Responding to COVID-19 in a multilingual way 

Small Towns

Gladys Godinez contributed to this blog.

We have access to daily reports from public health officials about best practices and current health directives; however, attempting to fully comprehend the magnitude of the coronavirus pandemic is difficult for everyone.

COVID-19 is close to home. We are surrounded by a deadly virus that has shut down businesses, schools, churches, and more.

Some of our neighbors are facing a different reality.

Whether at home or where they work, these community members are not receiving the vital information necessary in their own language to adequately protect themselves against the coronavirus.

For example, Nebraska residents speak 87 languages, according to Communicaid Language Solutions. The English language is first and Spanish is second. Many non-native speakers work in meatpacking plants, which have become COVID-19 hotspots.

Workers in these facilities have not received information in their native languages, which has caused confusion and delayed critical messages. The spread of COVID-19 in these communities is happening because facility owners and managers have responded insufficiently to this public health crisis.

“Our friends and neighbors are being asked to risk their health, safety, and lives without vital protections on the job, which, in turn, is endangering our food supply and our entire communities,” said Gladys Godinez, community organizer for the Center for Rural Affairs. “In addition, people working in meat and poultry plants are not receiving the communication they need from these companies, and they are getting sicker and sicker as a result.”

At the Center for Rural Affairs, we value the involvement of community members and their actions to help neighbors understand what is happening. As we continue to respond to the international coronavirus crisis, we see the need for community response in various languages throughout Nebraska and other states.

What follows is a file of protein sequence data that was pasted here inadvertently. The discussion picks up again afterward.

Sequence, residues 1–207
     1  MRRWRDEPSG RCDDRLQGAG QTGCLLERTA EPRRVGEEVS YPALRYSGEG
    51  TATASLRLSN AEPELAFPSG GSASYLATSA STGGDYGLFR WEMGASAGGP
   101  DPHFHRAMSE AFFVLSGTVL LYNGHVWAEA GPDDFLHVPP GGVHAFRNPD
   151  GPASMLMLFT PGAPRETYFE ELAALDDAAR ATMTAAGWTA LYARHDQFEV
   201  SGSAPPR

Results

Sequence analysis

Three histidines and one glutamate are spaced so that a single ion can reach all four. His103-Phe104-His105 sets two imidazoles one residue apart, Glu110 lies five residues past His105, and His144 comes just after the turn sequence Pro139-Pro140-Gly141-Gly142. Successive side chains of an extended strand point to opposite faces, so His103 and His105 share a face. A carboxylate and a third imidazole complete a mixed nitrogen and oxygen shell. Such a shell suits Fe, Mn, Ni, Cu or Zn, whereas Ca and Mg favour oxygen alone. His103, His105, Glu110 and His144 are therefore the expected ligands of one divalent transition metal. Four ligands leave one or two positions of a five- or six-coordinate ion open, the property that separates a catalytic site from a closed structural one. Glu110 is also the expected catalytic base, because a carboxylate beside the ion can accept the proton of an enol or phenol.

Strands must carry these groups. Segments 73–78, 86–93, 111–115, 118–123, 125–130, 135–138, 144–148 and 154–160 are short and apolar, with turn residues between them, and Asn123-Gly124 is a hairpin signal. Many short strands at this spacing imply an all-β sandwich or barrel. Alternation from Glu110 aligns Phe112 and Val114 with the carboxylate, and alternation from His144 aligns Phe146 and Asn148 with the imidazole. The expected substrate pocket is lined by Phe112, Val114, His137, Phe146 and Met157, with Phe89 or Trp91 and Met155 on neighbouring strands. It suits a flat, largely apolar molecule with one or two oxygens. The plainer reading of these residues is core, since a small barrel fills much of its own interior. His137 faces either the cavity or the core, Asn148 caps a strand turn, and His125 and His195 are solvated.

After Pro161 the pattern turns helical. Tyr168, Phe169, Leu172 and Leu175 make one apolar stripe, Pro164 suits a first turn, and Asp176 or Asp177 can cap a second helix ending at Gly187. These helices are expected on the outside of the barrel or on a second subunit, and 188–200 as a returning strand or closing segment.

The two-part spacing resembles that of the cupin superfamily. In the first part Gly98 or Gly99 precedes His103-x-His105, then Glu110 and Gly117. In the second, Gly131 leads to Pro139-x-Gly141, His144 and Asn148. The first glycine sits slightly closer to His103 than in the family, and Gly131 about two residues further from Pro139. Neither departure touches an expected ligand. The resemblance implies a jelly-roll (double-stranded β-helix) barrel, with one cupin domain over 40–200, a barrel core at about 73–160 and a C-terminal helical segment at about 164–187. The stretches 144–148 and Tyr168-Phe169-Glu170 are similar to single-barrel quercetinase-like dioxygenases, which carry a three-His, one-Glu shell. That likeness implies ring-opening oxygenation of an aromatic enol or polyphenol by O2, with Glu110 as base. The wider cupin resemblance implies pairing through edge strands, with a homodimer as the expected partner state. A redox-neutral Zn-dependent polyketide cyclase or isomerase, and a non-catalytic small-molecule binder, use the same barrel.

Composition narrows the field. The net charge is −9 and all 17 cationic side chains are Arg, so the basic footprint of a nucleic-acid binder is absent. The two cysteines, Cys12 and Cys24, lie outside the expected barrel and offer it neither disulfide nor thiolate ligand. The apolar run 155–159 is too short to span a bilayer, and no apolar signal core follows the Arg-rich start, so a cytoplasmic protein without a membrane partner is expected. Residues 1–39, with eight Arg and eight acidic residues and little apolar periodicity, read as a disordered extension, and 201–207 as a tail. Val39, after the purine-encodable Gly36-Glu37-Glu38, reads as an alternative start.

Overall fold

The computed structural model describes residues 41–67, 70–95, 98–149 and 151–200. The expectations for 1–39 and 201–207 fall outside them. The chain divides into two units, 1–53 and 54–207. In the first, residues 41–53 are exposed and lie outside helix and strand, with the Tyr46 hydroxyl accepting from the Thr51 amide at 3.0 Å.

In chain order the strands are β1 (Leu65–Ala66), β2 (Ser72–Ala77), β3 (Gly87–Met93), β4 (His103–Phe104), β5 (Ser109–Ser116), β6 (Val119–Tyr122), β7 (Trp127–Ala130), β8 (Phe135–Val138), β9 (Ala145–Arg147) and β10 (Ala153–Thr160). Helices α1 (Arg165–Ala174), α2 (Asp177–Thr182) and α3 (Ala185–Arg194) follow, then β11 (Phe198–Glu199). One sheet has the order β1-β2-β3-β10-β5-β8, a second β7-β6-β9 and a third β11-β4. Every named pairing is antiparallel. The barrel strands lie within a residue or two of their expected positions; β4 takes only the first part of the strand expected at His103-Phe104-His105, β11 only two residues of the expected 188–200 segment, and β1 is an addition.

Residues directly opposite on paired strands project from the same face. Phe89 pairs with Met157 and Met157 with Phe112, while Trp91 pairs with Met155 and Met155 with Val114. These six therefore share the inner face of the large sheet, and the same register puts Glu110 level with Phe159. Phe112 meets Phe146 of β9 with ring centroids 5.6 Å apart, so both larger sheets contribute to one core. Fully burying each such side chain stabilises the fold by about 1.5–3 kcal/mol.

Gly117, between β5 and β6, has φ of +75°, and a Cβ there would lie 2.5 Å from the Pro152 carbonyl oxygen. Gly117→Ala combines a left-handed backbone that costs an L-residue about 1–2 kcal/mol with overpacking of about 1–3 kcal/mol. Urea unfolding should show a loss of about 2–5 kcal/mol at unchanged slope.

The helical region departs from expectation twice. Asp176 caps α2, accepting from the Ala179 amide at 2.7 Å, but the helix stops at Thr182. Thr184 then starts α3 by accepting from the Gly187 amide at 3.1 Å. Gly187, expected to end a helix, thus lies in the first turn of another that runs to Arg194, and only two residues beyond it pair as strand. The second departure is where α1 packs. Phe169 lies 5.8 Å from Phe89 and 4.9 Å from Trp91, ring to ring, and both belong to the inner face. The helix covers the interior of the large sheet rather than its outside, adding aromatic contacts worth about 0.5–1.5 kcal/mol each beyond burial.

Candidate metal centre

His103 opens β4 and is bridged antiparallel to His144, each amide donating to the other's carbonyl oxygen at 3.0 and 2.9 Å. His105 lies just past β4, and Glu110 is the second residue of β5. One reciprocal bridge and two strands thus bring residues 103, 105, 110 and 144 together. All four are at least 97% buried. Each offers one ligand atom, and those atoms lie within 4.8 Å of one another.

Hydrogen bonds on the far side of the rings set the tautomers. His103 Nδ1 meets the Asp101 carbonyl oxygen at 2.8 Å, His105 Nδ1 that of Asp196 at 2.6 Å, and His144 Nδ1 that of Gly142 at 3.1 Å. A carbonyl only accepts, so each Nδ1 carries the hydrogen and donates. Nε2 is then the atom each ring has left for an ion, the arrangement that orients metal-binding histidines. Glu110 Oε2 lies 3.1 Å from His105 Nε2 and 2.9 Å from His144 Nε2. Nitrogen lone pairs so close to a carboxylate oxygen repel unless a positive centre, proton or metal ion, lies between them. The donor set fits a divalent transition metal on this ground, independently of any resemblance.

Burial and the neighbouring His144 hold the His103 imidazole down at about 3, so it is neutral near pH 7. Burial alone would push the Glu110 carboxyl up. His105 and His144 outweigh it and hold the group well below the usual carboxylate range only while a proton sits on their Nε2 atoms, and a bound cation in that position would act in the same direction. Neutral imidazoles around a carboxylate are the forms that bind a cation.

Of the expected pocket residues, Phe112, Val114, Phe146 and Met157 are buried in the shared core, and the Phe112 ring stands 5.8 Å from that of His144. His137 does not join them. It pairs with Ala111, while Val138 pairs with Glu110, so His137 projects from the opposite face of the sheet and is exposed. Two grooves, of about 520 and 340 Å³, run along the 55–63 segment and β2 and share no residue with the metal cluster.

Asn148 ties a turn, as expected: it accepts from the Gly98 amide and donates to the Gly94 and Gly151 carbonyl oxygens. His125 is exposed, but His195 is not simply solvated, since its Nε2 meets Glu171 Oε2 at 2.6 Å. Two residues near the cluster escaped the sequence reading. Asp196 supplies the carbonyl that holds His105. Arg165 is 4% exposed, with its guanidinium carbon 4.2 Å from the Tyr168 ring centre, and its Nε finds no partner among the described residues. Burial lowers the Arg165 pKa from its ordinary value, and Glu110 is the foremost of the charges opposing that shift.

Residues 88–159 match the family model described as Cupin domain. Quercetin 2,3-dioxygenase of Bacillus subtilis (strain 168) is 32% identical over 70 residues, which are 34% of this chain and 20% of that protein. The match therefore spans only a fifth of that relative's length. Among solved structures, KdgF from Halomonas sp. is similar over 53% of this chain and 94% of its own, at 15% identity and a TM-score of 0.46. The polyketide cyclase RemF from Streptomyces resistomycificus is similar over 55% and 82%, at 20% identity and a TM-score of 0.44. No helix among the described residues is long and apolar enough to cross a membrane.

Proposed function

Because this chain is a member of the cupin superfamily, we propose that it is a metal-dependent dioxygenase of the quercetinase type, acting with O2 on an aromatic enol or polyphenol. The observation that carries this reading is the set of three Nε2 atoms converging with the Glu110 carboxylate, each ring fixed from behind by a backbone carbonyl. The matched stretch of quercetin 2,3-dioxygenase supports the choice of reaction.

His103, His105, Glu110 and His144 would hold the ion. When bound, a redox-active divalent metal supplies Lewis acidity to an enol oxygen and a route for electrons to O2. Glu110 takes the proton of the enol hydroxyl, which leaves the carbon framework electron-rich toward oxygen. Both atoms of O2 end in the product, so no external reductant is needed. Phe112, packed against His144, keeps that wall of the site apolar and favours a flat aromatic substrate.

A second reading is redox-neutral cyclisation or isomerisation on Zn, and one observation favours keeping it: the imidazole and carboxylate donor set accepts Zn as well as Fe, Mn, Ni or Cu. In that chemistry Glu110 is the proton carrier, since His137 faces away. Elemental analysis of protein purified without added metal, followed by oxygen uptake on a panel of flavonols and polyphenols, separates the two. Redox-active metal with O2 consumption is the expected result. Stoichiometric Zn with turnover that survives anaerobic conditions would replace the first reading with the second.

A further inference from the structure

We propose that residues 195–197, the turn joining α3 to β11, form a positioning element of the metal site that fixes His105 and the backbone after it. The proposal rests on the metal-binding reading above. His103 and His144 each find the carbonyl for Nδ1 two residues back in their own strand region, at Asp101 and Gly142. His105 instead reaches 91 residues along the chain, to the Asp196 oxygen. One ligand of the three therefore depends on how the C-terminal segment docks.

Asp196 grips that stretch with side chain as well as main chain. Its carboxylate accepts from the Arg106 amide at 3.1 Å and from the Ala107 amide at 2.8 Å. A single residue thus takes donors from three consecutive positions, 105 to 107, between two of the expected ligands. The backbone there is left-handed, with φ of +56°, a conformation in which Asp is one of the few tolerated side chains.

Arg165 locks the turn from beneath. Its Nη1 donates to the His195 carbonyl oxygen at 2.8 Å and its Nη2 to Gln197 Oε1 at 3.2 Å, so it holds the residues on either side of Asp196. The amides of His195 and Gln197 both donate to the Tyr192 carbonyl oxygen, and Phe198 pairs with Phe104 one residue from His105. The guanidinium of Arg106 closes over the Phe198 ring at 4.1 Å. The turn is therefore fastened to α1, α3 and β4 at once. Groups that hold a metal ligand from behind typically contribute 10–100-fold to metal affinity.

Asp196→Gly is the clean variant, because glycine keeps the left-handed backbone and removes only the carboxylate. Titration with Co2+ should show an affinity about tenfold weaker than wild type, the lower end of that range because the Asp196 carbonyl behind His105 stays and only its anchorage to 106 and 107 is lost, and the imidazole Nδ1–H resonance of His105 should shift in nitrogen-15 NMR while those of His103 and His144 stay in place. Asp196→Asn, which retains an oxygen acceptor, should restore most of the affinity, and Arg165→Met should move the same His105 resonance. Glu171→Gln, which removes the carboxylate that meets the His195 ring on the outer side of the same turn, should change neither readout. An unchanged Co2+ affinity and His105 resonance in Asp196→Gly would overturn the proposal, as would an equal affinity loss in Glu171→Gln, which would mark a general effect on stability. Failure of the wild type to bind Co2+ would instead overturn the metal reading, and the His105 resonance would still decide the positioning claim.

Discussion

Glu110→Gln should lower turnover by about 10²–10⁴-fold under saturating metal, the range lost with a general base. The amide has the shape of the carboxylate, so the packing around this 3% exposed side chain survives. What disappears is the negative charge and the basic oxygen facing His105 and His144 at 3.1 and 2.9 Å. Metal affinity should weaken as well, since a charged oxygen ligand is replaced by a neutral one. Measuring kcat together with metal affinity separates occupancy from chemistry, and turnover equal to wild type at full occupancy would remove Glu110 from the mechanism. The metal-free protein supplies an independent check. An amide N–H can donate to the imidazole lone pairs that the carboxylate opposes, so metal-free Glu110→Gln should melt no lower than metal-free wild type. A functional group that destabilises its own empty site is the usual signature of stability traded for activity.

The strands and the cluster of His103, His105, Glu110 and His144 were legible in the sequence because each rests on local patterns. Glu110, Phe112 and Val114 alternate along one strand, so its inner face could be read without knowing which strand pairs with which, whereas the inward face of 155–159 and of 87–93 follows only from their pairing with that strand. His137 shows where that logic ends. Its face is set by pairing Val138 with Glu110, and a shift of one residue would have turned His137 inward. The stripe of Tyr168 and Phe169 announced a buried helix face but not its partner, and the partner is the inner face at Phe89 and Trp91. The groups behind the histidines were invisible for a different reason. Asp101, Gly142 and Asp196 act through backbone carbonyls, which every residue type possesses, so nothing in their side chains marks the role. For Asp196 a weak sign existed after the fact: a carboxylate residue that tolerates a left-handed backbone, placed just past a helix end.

“Communication is key,” said Gladys. “Knowing how and when to approach the public health department, understanding school announcements and opportunities, as well as having access to governmental information from elected officials are all essential. We’re glad to see our school systems, public health departments, and elected officials trying to communicate in various languages—recognizing the importance of providing vital information to all those they serve.”

We are witnessing individuals take the lead in translating and interpreting information for those who may not be getting it via traditional outlets. School board members are sharing community information, nonprofit organizations are taking the lead in developing language-accessible services, and leaders are stepping up and advocating for language accessibility.

“Going above and beyond is not easy—it takes passion, understanding, and, to some extent, bravery,” said Gladys. “Passion to ensure all people are aware of the necessary vital information. Understanding that we are one of many, and addressing gaps that need to be filled. Finally, bravery, because some of these unsung heroes continue to advocate for language accessibility throughout the state, and, at times, are the solution to this need.”

As proper pandemic response continues to dictate many of our actions, we want to commend those who are trying to involve all community members in their response and continue upholding the strength and resiliency rural Americans have to adapt to a crisis—whether a financial crisis, a historic weather event, or a global pandemic.

We ask if your community is multilingual, consider reaching out for resources to communicate with all of your residents.

Resources that we have gathered

Multilingual COVID-19 resources from Nebraska Public Health Departments

Multilingual COVID-19 state resources

  • Lutheran Family Services - multilingual resources and services for non-English speakers (Kurdish, Zomi, Arabic, Pashto, Karenni, Kinyarwanda, Kirundi, Kiswahili, Karen, Burmese, Arabic-Sudanese, Spanish, Nuer, Nepali) - 833.903.2376.

National resources per language


Mayan Indigenous Languages


Various languages

International resources per language

Various Languages (Arabic, Russian, French, Chinese, Spanish)

  • World Health Organization (WHO)
  • Mayan Indigenous languages (Q’anjob’al, Poqomam, Sipakapense, Mopan, Uspanteka, Akateko, Q’eqchi, Ch’orti, Mam, Tz’utujil, Itza, Ixil, Chuj, Jakalteka, Sakapulteka, Kaqchikel, Tektieka, Achi, Awakateko, K’iche’, Chalchiteka) - TV Maya

Mental health resources


Interpreter and translation resources

Website development tools

Educational resources for families

Small business resources

Nebraska resources

Nationwide Resources

Entities that assist Spanish speaking populations

In Nebraska

Entities that assist other non-English speaking populations

In Nebraska

COVID-19 multilingual resources

Various Languages - located in Nebraska

Media resources

Nebraska - statewide

Nebraska - regional